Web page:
Chum salmon may historically have been the most abundant of all Pacific salmonids. They are an anadromous fish, which means they can live in both fresh and saltwater. Chum salmon have a relatively complex life history that includes spawning and juvenile rearing in rivers followed by migrating to saltwater to feed, grow, and mature before returning to freshwater to spawn. They are vulnerable to many stressors and threats including blocked access to spawning grounds and habitat degradation caused by dams and culverts. Two evolutionary significant units of chum salmon are listed as threatened under the Endangered Species Act.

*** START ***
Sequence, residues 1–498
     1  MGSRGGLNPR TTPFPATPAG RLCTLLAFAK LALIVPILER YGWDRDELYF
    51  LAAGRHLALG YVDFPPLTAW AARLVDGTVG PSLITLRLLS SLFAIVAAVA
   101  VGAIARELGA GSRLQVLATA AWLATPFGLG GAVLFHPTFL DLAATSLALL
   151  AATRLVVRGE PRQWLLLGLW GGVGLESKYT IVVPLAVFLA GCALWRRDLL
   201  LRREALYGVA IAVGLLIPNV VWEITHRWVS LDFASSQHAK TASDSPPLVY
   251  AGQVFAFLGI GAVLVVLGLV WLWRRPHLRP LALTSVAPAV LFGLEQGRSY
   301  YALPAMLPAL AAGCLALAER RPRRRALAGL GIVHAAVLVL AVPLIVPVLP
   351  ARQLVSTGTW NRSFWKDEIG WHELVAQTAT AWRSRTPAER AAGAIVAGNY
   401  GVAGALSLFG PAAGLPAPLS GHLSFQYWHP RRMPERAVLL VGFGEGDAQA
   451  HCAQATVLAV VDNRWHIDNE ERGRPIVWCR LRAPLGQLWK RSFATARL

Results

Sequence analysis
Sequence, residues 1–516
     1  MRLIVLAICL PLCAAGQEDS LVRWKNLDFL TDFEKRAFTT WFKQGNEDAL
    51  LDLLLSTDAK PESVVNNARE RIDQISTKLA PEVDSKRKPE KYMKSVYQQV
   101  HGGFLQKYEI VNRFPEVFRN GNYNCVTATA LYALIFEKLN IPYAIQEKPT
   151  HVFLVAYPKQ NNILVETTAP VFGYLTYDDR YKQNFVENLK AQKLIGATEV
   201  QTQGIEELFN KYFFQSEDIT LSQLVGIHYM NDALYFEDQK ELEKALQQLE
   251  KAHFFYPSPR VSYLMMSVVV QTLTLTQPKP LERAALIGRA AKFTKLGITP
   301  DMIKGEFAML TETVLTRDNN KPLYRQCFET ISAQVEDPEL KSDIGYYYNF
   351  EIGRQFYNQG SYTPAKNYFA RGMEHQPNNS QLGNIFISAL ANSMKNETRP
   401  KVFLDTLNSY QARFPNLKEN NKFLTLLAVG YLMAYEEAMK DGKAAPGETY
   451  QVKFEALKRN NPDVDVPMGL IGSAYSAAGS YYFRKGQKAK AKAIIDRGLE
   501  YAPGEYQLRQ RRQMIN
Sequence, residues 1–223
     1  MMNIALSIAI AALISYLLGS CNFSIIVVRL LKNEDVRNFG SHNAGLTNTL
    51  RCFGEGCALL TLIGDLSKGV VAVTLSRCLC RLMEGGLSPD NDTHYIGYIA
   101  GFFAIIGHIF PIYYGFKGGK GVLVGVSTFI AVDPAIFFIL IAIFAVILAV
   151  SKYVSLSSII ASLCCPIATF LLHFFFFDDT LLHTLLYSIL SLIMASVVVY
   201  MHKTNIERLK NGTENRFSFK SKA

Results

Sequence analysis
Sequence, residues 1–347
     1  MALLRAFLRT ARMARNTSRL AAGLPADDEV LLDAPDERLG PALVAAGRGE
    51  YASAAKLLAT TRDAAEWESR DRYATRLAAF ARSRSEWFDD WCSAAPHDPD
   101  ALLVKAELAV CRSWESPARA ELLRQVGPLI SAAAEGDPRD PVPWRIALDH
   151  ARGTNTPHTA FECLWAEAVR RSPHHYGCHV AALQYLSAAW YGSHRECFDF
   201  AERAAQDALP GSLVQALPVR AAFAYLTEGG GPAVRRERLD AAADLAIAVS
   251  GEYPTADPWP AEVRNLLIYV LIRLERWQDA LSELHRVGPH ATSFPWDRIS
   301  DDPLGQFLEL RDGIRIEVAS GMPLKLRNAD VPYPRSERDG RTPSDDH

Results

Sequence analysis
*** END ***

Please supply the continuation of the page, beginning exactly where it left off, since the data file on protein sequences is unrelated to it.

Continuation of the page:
NOAA Fisheries is committed to conserving and protecting chum salmon. Our scientists and partners use a variety of innovative techniques to study, learn more about, and protect this species.
Learn more about chum salmon